All posts by Nana Yeboah

Recently graduated from George Mason University with a degree in Criminology: Law & Society, Nana is a passionate writer who loves to share his views on a variety of topics that surface our media outlets. Nana developed his writing skills throughout the pursuit of his education, where he enrolled in many writing intensive courses. He hopes to one day use this ability to aid him in becoming a top-tier attorney.

Big Baller Brand: Junior Basketball Association

A few hours ago, several sports media outlets reported the news of LaVar Ball’s desire to start a Junior Basketball Association, where High School Graduates who are looking to forgo attending college will have the option to begin a professional career here in the United States, receiving a monthly salary of $3,000 a month (or $10,000 if considered the league’s best). Per sources, Ball seeks to fund this league entirely through his Big Baller Brand. The players will in turn exclusively wear Big Baller Brand apparel and sneakers on the court.

From LaVar’s perspective, this idea is pure genius, if all goes as planned. This appears to be the only way to get somebody without the last name Ball to wear any of their BBB merchandise. Not to mention, if ten teams are formed out of a pool of eighty players (like he is seeking to do), this will generate a fair amount of revenue from game attendance, sponsorships, etc. This will give LaVar the platform to run what is likely to become a multimillion business, if all goes as planned.

On the flip side, any parent who allows their child to enroll in this league is short sighted to say the least. While I understand that the thought of your son earning a $3,000 monthly income at age 18 may be very appealing to many, this will only generate an annual income of $36,000, assuming this league lasts for twelve months a year. $36,0000, depending on your location, is not very much money. It is barely enough for survival after taxes are deducted. Secondly, many seem to overlook the fact that a professional basketball career only lasts a small fraction of one’s life. The average NBA career lasts less than 5 years (assuming these players even make it this far). Once the said career is over, what else follows? This is where a college degree is beneficial. While college athletes do not get paid during their tenure at their respective institutions, they at least obtain a free education in exchange. This, in my opinion, is a fair tradeoff. It at least provides these young men with the tools to survive in the real world after a basketball career.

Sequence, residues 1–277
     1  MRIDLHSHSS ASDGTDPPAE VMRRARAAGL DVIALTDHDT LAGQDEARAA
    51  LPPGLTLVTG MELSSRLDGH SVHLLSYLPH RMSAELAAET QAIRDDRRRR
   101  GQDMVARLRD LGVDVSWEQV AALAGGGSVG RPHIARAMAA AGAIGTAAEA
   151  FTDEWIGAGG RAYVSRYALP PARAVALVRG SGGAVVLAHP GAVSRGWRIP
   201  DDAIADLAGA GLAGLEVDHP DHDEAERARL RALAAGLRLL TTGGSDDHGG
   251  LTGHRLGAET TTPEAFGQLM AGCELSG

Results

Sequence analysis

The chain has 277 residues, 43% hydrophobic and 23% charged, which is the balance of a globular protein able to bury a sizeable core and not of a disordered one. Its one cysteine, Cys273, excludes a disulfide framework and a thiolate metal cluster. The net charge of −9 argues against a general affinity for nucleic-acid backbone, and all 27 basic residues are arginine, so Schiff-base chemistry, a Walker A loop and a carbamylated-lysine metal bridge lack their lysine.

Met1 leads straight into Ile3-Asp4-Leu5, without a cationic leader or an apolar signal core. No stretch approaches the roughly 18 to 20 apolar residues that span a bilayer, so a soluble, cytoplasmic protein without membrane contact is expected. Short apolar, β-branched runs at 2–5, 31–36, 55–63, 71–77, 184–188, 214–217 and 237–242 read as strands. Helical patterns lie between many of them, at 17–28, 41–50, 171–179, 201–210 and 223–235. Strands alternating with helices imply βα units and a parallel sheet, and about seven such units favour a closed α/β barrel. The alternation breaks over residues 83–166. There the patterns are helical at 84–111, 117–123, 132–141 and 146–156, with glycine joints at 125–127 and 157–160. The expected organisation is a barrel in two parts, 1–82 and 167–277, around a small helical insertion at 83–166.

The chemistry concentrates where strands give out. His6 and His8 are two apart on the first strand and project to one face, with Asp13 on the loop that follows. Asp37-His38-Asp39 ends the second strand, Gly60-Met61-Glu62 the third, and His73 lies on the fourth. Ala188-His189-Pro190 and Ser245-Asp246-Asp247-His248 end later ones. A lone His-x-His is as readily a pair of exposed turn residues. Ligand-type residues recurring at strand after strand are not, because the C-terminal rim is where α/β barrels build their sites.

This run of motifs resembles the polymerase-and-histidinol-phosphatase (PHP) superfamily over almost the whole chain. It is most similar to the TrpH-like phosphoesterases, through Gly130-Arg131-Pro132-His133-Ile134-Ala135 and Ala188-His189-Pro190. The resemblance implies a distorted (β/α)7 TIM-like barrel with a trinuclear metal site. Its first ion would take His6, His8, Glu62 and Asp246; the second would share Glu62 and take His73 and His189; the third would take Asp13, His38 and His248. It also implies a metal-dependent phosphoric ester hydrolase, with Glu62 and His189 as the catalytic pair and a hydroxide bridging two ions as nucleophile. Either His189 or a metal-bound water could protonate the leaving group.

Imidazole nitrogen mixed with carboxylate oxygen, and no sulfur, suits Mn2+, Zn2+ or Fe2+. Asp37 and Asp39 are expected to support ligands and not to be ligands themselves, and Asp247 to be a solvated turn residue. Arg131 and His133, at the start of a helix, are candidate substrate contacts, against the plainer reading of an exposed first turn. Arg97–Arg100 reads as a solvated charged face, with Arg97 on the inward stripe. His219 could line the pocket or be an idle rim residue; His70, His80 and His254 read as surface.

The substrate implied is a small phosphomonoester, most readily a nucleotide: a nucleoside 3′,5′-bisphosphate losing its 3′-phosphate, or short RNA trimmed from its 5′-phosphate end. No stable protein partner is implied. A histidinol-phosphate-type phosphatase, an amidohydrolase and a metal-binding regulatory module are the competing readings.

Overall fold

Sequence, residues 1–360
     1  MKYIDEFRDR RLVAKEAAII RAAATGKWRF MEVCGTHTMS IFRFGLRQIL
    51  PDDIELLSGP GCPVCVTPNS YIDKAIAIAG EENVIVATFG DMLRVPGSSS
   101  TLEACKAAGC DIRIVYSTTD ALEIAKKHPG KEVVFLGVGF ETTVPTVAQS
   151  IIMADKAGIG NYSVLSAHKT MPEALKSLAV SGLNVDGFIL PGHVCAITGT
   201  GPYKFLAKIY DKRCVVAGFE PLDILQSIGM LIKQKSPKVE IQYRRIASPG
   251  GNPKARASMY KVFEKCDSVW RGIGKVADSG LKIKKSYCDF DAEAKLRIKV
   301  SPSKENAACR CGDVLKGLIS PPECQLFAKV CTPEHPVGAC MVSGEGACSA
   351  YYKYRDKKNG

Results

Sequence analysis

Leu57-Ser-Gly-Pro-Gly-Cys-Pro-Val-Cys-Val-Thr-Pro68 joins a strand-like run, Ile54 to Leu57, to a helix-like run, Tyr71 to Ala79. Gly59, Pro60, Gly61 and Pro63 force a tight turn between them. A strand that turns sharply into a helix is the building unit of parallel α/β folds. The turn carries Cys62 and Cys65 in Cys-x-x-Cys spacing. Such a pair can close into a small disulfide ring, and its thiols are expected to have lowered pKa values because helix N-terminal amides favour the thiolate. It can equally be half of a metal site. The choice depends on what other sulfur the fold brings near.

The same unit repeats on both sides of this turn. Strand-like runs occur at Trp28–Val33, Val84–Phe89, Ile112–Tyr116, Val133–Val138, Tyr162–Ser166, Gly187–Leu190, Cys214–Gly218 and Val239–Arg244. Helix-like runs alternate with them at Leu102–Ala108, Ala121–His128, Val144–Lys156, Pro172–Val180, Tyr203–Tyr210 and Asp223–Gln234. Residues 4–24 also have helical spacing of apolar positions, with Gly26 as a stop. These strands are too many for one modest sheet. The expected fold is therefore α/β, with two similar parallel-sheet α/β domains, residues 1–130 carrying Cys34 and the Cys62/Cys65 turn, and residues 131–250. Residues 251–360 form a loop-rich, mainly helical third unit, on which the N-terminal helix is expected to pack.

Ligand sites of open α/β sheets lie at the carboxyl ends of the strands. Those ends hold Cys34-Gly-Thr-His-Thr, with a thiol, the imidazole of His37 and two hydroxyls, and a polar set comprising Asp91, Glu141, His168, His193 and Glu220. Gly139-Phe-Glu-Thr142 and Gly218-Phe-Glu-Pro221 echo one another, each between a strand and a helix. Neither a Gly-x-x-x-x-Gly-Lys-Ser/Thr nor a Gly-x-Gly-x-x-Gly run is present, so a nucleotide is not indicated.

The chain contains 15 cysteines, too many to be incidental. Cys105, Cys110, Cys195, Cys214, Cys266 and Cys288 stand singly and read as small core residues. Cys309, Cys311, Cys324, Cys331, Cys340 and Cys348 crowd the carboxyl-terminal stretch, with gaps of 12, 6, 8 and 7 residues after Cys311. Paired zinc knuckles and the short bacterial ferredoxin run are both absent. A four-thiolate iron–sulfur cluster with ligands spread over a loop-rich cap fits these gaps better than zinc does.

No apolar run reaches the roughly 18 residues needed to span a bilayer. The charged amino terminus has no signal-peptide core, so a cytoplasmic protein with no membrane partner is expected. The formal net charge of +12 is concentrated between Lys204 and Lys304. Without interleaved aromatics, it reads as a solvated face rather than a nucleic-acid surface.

Lastly, and arguably most importantly, LaVar Ball’s development methods have not exactly panned out to be effective. While his son Lonzo was able to climb up the NBA draft ranks and get selected second overall by the Los Angeles Lakers in the 2017 NBA Draft, Lonzo’s game hasn’t exactly translated to the NBA level quite like one would expect. While I understand that he is still young and finding his niche in the league, his failure to emerge as a star early in his career provides further evidence that LaVar may not be as much of a developmental wiz as he may think he is. As a parent, I would be much more inclined to have my son receive guidance from the trusted coaching at a Duke University or a University of Kentucky as opposed to what will seemingly be an experimental run with this proposed Junior league.

In sum, while I believe that this would be a smart business move on the part of LaVar Ball and the Big Baller Brand, I do not believe that enlisting with his Junior League is a good idea for developing athletes. Going to a top-notch Division one school is likely to put them in a better position to succeed as a professional basketball player. Furthermore, a college education is likely to put these young men in position to succeed after a professional basketball career. Remember, life goes on after basketball. For the foregoing reasons, the proposed Junior Basketball Association is a good idea for its creators, but a bad idea for the prospective members.

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Looking Forward: 2017/2018 NBA Season

As the NBA season slowly approaches, the excitement for what’s to come is slowly building up. This NBA off-season has been entertaining to say the least. From the blockbuster trades, NBA draft, to the Ball family antics, NBA fans have had something to constantly talk about this past summer. With the season starting next month, however, it is now time to focus on what really matters.